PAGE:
In a significant change to the state's labour laws, Karnataka government on Friday, exempted all factories for a period of three months from provisions of weekly stipulated hours and daily hours. The order extended the maximum working hours from eight to ten hours per day and sixty hours per week. Moreover, the government clarified that overtime wages will remain unchanged.
Karnataka, which has significantly lifted restrictions in lockdown phase 4, has set up a task force to formulate ways to attract foreign investors who are/have withdrawing from China. The state had allowed all industrial activities to resume across the state in all areas except containment zones from May 4. While the government has announced Rs. 1,610 crore relief package for farmers, MSMEs, handloom weavers, flower growers, washermen, barbers, auto, and taxi drivers, the state has also barred the entry of people from Gujarat, Maharashtra, Kerala and Tamil Nadu till May 31 due to their soaring COVID-19 cases.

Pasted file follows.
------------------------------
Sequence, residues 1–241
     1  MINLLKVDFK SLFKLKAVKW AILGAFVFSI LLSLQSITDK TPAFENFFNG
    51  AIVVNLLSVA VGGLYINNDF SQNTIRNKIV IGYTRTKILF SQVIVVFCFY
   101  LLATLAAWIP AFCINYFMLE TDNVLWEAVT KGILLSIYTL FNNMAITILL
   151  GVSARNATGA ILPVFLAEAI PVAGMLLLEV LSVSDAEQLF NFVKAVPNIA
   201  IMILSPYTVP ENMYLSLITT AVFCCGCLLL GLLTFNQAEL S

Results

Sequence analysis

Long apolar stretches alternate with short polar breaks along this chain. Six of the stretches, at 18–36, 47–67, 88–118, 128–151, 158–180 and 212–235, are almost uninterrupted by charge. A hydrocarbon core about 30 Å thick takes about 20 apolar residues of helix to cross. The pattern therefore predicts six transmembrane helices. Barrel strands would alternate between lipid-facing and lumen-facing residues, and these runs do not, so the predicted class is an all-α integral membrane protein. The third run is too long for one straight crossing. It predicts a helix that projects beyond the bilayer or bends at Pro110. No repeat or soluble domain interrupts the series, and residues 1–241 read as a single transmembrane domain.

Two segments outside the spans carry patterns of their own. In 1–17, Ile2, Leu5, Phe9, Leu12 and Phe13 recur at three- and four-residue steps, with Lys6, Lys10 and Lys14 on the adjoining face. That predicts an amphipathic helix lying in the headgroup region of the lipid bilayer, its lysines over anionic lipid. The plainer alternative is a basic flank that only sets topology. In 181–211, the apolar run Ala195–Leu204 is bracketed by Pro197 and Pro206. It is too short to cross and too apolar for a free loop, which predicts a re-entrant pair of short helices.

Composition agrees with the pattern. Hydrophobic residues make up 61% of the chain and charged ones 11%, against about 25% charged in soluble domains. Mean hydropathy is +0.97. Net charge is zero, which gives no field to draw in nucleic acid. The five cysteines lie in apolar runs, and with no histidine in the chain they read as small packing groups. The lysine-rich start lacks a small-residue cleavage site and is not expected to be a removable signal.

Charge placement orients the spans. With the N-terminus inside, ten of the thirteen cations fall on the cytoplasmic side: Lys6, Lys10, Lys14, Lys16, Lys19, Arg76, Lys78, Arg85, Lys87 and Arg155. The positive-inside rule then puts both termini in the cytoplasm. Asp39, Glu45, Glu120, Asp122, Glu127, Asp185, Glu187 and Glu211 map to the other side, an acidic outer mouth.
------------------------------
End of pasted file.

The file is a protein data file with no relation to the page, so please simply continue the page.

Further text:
Uttar Pradesh, under CM Yogi Adityanath, was the first to pass an ordinance suspending all labour laws for three years except -Building and Other Construction Workers' Act, 1996, Workmen Compensation Act, 1923, Bonded Labour System (Abolition) Act, 1976, Part of Payment of Wages Act. Gujarat too has abolished all labour laws for three years except -Minimum Wages Act, Industrial Safety Rules, Employees' Compensation Act. Meanwhile, Shivraj Chouhan's Madhya Pradesh government has abolished certain labour laws.
Several Indian business experts have welcomed the loosening of regulations stating that this move will provide flexibility and urge other states to bring in labour reforms. On the other hand, worker unions have expressed their dissatisfaction, stating that their role will be diminished and want the Centre to intervene. These laws have been sent to the Centre for approval before it comes into force into the respective states.
On May 14, while announcing the Centre's Rs 20 lakh crore economic package, Finance Minister Nirmala Sitharaman, stated that the government will be reforming labour laws in the near future. The current 44 labour laws will be reduced to just 4 labour codes. The bill is currently in the parliamentary standing committee and will soon be introduced in parliament.